Magical Super-Creatures as Pets: The Ethics of Pokemon
I foolishly started this hub under the impression that I was the only one who had "thought twice" about the morals of the concepts in Pokemon.
Apparently most major religions have had a reaction to the franchise. More about this later.
I'll admit it: I am young enough to have been wrapped up in the Pokemon craze of the late-90s.
I had a few cards and did battle with my younger brother and his card collection. And I certainly had the GameBoy games (hell, I still play some Pokemon video games). I'm a dork, okay? I admit it.
But as I've grown and learned more about the world around me, Pokemon has become quite suspect. I mean, these kids, presumably about twelve years old, are going around collecting little "monsters." They keep them in tiny magic balls and let them out only to train them or engage them in battle. That's no way to treat a pet, not even a working pet! These kids are animal hoarders and are praised for it!
And it gets so much stranger...
Training and Battling
A Pokemon trainer begins training at around 10 to 12 years of age, essentially leaving home at this time to battle dangerous animals, alone, in the wild.
His protection against these fierce beasts? Well, he has a choice: a baby yellow mouse, a baby fire lizard, a baby turtle, or a baby plant-eating dinosaur.
With the exception of Ash Ketchum (the series' main character), whose first Pokemon walks at his side, trainers are encouraged to keep their new best friends in magical balls at their waist. These cuddly animals are released from their dark prisons only to attack other equally fuzzy and adorable creatures.
If a Pokemon's looking a little faint during a battle, the trainer gives him a drug, depending on what he thinks the Pokemon needs. So at least after he allows it to be poisoned, he'll shortly give it the antidote (if that's strategic, of course), right?
And when does a battle stop? When one Pokemon gives in and accepts defeat? Nope. When every Pokemon of one of the trainers faints in exhaustion.
These tweens then battle against -- that's right -- snyde adults who seem to get their rocks off by insulting the kids as much as possible. And the main bad guys, Team Rocket, are less mature than even the most annoying child trainer.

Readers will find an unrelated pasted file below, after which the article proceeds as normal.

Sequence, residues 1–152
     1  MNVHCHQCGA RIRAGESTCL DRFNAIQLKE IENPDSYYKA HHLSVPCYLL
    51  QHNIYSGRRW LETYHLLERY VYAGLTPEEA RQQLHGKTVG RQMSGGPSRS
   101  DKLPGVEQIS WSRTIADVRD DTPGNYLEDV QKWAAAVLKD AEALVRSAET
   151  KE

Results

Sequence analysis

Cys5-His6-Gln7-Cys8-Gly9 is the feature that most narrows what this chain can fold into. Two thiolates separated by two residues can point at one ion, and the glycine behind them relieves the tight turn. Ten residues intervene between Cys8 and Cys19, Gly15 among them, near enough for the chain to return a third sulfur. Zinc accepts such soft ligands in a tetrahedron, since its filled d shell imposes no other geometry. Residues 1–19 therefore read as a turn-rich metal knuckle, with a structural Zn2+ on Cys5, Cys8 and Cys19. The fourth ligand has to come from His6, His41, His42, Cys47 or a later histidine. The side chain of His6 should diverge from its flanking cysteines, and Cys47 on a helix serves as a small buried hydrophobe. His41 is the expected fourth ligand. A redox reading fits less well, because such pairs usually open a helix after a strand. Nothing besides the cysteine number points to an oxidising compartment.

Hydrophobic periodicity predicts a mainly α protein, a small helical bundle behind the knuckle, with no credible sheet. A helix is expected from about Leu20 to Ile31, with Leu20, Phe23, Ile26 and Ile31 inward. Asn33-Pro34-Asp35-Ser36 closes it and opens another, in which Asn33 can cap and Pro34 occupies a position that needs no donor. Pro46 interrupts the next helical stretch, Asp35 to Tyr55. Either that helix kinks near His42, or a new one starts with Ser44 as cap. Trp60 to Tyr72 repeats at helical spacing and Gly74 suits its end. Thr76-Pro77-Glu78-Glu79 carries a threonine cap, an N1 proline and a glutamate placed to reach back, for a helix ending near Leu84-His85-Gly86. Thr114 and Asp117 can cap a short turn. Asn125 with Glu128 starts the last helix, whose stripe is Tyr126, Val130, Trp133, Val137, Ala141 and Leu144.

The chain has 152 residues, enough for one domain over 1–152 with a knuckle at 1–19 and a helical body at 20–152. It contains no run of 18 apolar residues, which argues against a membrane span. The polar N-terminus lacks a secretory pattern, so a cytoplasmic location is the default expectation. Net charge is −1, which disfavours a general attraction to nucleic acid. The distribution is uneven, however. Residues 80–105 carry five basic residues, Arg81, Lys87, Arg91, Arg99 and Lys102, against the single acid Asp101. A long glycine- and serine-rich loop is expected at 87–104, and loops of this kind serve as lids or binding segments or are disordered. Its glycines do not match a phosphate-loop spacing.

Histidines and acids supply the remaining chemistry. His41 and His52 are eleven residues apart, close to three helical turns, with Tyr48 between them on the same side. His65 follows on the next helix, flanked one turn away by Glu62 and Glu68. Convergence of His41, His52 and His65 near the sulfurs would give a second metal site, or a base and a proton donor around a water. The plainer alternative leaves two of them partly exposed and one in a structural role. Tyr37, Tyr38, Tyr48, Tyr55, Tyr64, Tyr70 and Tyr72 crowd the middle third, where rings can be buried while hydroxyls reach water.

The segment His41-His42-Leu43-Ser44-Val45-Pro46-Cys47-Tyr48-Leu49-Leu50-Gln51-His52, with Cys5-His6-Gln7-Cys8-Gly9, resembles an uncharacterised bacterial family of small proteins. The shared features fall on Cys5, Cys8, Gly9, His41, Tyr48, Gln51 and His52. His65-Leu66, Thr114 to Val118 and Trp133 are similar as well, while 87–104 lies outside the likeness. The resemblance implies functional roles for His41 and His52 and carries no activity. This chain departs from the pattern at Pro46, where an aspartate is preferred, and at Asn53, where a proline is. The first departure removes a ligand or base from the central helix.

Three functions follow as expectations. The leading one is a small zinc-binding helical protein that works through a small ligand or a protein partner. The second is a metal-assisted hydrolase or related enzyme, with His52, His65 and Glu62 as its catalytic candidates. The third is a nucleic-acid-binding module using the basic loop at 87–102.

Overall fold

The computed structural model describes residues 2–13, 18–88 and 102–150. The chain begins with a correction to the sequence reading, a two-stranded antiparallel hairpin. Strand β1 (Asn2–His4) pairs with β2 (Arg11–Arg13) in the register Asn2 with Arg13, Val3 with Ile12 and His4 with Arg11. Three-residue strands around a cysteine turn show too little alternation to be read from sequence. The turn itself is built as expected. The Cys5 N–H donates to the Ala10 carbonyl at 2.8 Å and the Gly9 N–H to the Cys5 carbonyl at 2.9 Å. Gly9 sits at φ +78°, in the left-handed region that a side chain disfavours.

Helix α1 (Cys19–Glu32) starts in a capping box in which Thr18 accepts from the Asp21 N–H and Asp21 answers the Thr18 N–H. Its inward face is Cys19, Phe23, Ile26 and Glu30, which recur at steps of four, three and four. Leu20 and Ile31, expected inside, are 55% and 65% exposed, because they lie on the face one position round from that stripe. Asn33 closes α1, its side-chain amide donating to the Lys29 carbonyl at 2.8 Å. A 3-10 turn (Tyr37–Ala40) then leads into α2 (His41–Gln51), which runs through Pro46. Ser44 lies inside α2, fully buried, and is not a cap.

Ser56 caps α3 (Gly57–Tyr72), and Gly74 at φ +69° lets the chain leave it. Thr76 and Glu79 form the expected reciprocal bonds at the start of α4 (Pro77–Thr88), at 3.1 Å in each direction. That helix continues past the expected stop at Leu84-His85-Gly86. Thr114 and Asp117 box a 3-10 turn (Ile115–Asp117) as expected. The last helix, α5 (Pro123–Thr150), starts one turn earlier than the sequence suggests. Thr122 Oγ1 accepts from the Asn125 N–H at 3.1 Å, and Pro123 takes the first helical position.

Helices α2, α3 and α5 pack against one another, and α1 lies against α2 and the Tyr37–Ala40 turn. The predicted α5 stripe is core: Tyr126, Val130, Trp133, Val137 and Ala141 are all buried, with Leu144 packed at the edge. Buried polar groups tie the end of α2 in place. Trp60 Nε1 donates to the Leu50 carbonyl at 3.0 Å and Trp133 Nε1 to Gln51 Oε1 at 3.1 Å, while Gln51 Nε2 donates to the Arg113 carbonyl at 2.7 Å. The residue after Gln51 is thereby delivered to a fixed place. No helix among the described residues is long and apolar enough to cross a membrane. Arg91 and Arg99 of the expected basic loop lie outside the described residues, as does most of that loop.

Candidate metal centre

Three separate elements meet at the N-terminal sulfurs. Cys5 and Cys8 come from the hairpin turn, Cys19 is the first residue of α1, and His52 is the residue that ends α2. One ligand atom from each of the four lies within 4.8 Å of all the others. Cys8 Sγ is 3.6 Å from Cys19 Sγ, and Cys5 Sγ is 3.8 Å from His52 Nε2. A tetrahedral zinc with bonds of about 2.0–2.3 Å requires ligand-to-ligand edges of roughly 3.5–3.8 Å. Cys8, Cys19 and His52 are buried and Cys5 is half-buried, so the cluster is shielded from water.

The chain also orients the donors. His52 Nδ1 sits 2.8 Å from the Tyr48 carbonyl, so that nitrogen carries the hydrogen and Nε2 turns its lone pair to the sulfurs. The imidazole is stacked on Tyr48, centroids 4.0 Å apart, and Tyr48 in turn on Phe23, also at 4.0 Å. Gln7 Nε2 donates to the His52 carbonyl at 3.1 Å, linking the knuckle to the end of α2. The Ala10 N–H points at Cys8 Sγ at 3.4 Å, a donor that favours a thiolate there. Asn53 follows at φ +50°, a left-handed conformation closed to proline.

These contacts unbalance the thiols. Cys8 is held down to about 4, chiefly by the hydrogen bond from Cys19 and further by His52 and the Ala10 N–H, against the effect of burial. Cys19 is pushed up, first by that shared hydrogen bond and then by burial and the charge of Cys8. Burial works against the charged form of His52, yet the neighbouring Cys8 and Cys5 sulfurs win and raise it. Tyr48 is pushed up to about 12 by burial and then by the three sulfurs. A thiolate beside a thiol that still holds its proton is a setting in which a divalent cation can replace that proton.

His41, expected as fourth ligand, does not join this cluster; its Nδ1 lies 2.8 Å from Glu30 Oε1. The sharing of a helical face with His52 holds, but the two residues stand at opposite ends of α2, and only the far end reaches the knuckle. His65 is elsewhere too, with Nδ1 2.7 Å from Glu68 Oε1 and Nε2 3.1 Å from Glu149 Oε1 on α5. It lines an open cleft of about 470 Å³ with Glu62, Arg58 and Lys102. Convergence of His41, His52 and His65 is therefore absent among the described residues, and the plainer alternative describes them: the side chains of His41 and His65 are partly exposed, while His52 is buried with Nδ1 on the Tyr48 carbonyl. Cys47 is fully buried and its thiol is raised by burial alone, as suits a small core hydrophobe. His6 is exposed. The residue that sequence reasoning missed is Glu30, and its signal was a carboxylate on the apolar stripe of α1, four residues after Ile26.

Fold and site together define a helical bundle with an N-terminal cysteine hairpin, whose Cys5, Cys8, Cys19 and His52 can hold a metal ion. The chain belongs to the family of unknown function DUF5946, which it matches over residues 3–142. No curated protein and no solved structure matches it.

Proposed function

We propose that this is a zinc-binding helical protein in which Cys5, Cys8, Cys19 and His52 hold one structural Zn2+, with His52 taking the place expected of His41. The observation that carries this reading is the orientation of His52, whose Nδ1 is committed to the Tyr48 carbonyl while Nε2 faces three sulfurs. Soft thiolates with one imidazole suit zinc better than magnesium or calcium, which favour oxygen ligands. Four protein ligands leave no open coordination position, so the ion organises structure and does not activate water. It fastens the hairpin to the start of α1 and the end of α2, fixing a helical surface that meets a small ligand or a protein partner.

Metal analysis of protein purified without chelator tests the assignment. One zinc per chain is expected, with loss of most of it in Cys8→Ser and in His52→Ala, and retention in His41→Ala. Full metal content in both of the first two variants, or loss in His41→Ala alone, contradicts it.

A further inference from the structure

A little weird? I think so.
Not only are these pre-teens encouraged to beat their pets to a pulp (not that any of this violence is shown, of course), but they're also encouraged to collect as many as possible!
Why? To fill their "Pokedexes" with more names than their rivals can collect.
And when they're not training or battling with these collected animals, they deposit them into computers. (I have yet to understand the physics of this, by the way.) At this point, they never have to remember that Pokemon as even existing anymore because it will just survive forever in the computer. (Is this sounding to anyone else like Paris Hilton and her forgotten puppy in the closet?)
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Pokemon is banned in Saudi Arabia as of 2001 for allegedly promoting Zionism (this is in direct opposition to Muslim doctrine).
Some Christians have been angered at the violent and occultic themes of the game. Most famously, though, some have opposed the Pokemon "evolution" from one form to the next, saying that it violates creation as outlined in the book of Genesis. (The Vatican, however, praises Pokemon for its imaginative gameplay.)
The Anti-Defamation League was outraged in 1999 that a left-facing manji (either the Nazi swastika or a sacred symbol, depending on the culture) appeared on two of the trading cards slated to be released only in Japan, claiming that they were anti-Semitic.
Many children's games, stories, rhymes, and songs become suspect as we grow up to truly understand the themes. I just want to know why, in Pokemon, adults are so ridiculously rude to children who are doing no harm to them?